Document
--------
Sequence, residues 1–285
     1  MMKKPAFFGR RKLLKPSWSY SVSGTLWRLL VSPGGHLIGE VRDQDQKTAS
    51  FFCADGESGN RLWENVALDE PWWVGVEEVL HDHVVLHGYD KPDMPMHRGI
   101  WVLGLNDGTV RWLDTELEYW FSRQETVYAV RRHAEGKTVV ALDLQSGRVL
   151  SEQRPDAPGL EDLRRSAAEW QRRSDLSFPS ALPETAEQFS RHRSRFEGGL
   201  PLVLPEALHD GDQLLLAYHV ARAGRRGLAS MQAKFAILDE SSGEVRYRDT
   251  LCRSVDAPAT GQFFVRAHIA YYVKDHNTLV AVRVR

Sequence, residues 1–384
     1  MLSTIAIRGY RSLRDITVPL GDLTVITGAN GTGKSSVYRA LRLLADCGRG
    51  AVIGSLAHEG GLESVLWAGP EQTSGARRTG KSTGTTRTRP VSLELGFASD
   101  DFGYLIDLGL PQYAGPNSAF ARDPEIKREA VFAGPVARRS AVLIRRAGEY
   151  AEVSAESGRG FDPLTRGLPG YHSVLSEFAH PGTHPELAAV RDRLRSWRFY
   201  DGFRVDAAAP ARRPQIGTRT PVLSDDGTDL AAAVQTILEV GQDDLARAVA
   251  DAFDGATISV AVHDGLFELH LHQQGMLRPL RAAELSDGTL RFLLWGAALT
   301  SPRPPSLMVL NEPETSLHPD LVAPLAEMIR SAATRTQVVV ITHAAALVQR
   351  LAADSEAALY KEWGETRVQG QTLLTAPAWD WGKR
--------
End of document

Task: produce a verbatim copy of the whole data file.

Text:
Sequence, residues 1–285
     1  MMKKPAFFGR RKLLKPSWSY SVSGTLWRLL VSPGGHLIGE VRDQDQKTAS
    51  FFCADGESGN RLWENVALDE PWWVGVEEVL HDHVVLHGYD KPDMPMHRGI
   101  WVLGLNDGTV RWLDTELEYW FSRQETVYAV RRHAEGKTVV ALDLQSGRVL
   151  SEQRPDAPGL EDLRRSAAEW QRRSDLSFPS ALPETAEQFS RHRSRFEGGL
   201  PLVLPEALHD GDQLLLAYHV ARAGRRGLAS MQAKFAILDE SSGEVRYRDT
   251  LCRSVDAPAT GQFFVRAHIA YYVKDHNTLV AVRVR

Sequence, residues 1–384
     1  MLSTIAIRGY RSLRDITVPL GDLTVITGAN GTGKSSVYRA LRLLADCGRG
    51  AVIGSLAHEG GLESVLWAGP EQTSGARRTG KSTGTTRTRP VSLELGFASD
   101  DFGYLIDLGL PQYAGPNSAF ARDPEIKREA VFAGPVARRS AVLIRRAGEY
   151  AEVSAESGRG FDPLTRGLPG YHSVLSEFAH PGTHPELAAV RDRLRSWRFY
   201  DGFRVDAAAP ARRPQIGTRT PVLSDDGTDL AAAVQTILEV GQDDLARAVA
   251  DAFDGATISV AVHDGLFELH LHQQGMLRPL RAAELSDGTL RFLLWGAALT
   301  SPRPPSLMVL NEPETSLHPD LVAPLAEMIR SAATRTQVVV ITHAAALVQR
   351  LAADSEAALY KEWGETRVQG QTLLTAPAWD WGKR